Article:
Artificial climbing walls aren't quite as abundant as Starbucks, but at last count there are 400 to 500 in the U.S. Look for indoor walls at climbing gyms, health clubs, and schools, as well as cruise ships, amusement parks and fairs. Many gyms have weight rooms, as well as an artificial climbing wall, and most host climbing competitions for climbers of all levels.
If you are new to climbing, sign up for an introductory course of basic rope craft and technique. In less than an hour, you'll learn how to buckle your harness, belay, and tie into the rope. Intro to climbing classes usually cost $15 to $30. Your instructor should also give you a few pointers on what to do once you get off the ground and on to the wall. Here are a few tips to help you get started:
Indoors or outdoors, movement is crucial to climbing. Most indoor gyms have bouldering areas, or at least allow you to climb ropeless on the walls while remaining in close proximity to the ground. Rather than tying into the rope, practice traversing (moving horizontally on the holds close to the ground). Concentrate on placing your foot in the correct position the first time it touches each hold. On real rock, you often don't have the luxury of readjusting your feet, so use your wall time to develop accuracy. Experiment with handholds. Practice pulling straight down on each hold; then attempt to use the hold by pulling from the left or right side as well. Reposition your body so you can grasp the hold from the top, side, and bottom - keeping in mind that many natural handholds won't be at obvious, user-friendly angles.
Once again, ignore the roped routes and head to the bouldering cave. Try to stay on the wall for 20-minute sessions, without touching the ground. Climb with control, allowing your muscles to tire but not get so pumped that you have to let go. Stick to big holds so as not to prematurely exhaust your fingers and avoid moves that hurt. Wall work on big holds strengthens finger tendons, which will help stave off injury when you're cranking on real rock. It'll also build the forearms, lats, abdominals, pectorals, and back muscles you need to defy gravity. Practice getting into resting positions, so you can hold on with one arm, and shake out the muscles on the other. (You can also spend a couple of days a week in the weight room, working your shoulders, arms, and back, but it's more efficient to visit a climbing wall.)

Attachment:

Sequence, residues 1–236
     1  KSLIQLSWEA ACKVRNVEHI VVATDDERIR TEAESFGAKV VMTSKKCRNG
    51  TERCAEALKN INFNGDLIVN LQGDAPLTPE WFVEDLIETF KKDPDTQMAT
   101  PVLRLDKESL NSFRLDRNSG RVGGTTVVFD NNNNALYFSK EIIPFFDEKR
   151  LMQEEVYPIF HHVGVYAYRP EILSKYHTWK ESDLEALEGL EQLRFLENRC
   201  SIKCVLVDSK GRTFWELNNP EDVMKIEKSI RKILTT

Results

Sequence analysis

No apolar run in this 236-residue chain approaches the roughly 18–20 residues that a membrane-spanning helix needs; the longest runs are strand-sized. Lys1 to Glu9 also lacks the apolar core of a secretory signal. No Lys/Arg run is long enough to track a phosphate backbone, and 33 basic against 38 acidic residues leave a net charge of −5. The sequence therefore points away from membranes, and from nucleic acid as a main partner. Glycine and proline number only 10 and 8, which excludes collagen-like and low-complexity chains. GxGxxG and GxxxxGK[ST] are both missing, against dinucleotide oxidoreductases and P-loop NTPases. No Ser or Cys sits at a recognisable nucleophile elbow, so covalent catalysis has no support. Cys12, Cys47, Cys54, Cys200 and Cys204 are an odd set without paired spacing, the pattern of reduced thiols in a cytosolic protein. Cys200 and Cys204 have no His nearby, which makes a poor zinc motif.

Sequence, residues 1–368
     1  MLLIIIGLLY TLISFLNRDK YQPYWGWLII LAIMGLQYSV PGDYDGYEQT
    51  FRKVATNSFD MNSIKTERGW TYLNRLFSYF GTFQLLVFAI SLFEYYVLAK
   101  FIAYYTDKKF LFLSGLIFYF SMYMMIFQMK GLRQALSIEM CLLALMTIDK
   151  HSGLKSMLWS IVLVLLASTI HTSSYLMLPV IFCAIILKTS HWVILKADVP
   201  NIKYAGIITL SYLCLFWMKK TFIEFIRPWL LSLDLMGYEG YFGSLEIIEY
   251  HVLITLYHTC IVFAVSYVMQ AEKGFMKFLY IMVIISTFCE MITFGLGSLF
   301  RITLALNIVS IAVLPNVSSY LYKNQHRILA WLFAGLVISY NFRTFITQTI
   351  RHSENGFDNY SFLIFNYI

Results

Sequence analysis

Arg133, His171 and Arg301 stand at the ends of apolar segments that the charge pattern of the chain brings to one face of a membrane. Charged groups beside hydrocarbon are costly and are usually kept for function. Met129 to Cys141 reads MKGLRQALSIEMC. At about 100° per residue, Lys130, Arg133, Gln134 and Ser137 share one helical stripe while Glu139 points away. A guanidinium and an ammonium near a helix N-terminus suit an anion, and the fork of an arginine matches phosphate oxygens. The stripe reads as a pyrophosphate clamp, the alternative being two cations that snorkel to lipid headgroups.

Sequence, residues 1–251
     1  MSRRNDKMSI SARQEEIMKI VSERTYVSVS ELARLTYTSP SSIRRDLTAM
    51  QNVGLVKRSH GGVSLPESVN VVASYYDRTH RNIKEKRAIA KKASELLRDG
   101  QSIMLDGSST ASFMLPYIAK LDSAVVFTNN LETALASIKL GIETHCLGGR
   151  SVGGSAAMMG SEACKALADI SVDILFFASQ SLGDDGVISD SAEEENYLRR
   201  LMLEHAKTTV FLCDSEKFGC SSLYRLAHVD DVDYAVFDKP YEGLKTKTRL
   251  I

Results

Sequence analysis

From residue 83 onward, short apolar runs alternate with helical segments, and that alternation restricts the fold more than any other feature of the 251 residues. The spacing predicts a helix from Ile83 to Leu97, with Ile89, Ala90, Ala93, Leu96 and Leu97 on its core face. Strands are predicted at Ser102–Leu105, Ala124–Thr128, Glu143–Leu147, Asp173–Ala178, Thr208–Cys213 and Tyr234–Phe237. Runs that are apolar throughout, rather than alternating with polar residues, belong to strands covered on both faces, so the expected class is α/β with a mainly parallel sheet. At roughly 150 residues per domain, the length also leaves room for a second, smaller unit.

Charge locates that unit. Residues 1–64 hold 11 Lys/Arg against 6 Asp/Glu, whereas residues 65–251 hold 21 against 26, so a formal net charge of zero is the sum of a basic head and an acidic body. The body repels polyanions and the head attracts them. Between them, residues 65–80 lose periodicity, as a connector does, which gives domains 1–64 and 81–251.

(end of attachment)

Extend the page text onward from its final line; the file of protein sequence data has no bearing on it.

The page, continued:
Practice for routes
Indoor roped routes are much more straightforward than anything you'll find outdoors, but some skills are easily transferable. Even if you are planning on outdoor crack climbing, you'll still have to clip the rope into carabiners after placing gear. Indoor gyms are a perfect place to perfect the art of clipping. Work on smooth delivery of the rope to the carabiner and make sure the rope is clipped in the right direction, the first time, and every time.
Leading indoors is relatively safe, since the bolts are placed in close proximity of one another. To transfer leading skills outdoors, try to lead as many new routes as possible, rather than sticking to the ones you already have wired. The scariest part of leading is getting above your protection. Look for gym routes that allow you to get your feet above your gear before clipping the next bolt. If you're going to stick to bolted routes outdoors, you can practice falling indoors by clipping a bolt, making a few moves, then jumping off. Pay close attention to body and rope position so you don't get flipped upside down. If your goal is setting your own gear, falling is not an option. Indoors, work on down climbing. Clip a bolt and begin to move upward several feet. Then reverse your moves back down to the bolt, maneuver into a "rest" position, then move up to the next bolt.